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Holy Spirit.

The Holy Spirit (Spirit of God; Spirit of Christ; Spirit; Holy Ghost) is identified with God (Ps 139:7–8; Acts 5:3–4; Ro 8:9; 1 Co 3:16; 2 Co 3:17). In part He is described as a person distinct from Father and Son and proceeding from them (Mt 28:19; Jn 14:26; 15:26; Gl 4:6). Also called Paraclete on basis of the Gk., e.g., in Jn 14:16; 16:7.

The work of creation, ascribed to the Father (e.g., 1 Co 8:6) and to the Son (e.g., Jn 1:3), is also ascribed to the Holy Spirit (e.g., Jb 33:4); sanctification, ascribed to the Holy Spirit (e.g., Ro 8:14; Gl 5:17–25), is also ascribed to the Father and the Son (e.g., Eph 3:14–19). Acts assigned specifically to the Spirit: revealing of the truth and grace of God to man (1 Co 2:10–11); converting man and putting new life and spirit into him (Jn 3:5; 1 Co 12:3); preserving saving faith (1 Jn 4:13); enabling the believer to resist the flesh and produce fruits of faith in love (Gl 5:16–18, 22–25; Eph 4:22–24; 1 Ptr 1:22).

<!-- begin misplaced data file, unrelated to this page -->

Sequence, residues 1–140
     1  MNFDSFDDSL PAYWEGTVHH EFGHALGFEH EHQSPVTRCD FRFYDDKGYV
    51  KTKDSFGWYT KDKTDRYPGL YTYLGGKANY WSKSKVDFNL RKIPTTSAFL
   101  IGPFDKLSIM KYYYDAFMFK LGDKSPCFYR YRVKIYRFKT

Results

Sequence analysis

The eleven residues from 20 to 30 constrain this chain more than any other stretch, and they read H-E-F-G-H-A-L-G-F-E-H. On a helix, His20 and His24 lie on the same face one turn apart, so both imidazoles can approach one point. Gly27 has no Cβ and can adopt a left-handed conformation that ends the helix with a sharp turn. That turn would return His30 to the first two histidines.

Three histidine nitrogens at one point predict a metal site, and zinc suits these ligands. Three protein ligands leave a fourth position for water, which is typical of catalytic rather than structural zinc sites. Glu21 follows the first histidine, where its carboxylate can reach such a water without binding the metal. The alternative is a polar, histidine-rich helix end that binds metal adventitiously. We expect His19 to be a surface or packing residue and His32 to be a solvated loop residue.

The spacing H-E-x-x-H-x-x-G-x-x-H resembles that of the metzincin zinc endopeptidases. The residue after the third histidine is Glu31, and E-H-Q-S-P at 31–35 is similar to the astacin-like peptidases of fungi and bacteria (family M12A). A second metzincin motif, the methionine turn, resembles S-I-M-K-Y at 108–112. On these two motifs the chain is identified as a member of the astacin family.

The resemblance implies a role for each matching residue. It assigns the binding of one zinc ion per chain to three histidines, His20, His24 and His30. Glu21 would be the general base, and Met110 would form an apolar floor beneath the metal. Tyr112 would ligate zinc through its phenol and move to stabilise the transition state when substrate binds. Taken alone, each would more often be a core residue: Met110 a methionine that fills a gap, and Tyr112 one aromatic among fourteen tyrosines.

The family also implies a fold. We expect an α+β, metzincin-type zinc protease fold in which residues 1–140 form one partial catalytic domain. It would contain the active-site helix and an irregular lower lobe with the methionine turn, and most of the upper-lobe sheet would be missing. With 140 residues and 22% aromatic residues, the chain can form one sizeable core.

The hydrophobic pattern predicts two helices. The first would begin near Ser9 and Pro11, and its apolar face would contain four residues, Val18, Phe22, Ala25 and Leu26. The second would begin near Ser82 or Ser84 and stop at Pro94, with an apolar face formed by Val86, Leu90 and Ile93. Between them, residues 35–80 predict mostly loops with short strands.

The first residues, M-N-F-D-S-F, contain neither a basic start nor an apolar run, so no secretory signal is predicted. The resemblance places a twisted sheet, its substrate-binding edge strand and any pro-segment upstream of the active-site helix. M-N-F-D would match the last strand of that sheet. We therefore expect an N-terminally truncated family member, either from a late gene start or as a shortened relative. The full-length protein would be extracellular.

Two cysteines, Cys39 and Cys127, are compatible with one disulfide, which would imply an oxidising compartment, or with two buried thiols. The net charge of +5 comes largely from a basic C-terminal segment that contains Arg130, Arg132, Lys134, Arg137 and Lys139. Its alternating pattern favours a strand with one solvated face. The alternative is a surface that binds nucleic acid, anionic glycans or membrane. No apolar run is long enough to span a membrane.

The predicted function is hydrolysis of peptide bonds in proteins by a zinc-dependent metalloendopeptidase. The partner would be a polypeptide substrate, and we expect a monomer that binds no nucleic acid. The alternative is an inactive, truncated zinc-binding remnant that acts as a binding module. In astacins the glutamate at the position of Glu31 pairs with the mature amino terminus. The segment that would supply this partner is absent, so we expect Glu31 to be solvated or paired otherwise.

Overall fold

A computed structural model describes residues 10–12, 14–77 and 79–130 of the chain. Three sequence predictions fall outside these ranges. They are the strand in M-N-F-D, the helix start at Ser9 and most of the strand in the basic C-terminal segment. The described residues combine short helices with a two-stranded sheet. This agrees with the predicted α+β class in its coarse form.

In one sense the Holy Spirit is wholly beyond reach of man; man makes no contribution to Him or to his grasp of Him (Jn 3:8). But the Christian has received the Holy Spirit and His power through Baptism (Tts 3:5) and can continually reinforce His presence through the Word of the Gospel (1 Ptr 1:22–25). Man is equipped with the Holy Spirit to communicate the grace of God in Christ Jesus, the forgiveness of sins, and the life of the Spirit to others (Mt. 28:19–20; Lk 24:45–49; Jn 20:21–23). RRC

Edited by: Erwin L. Lueker, Luther Poellot, Paul Jackson
©Concordia Publishing House, 2000, All rights Reserved. Reproduced with Permission

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The Lutheran Church--Missouri Synod

Original Editions ©Copyright 1954, 1975, 2000
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Content Reproduced with Permission

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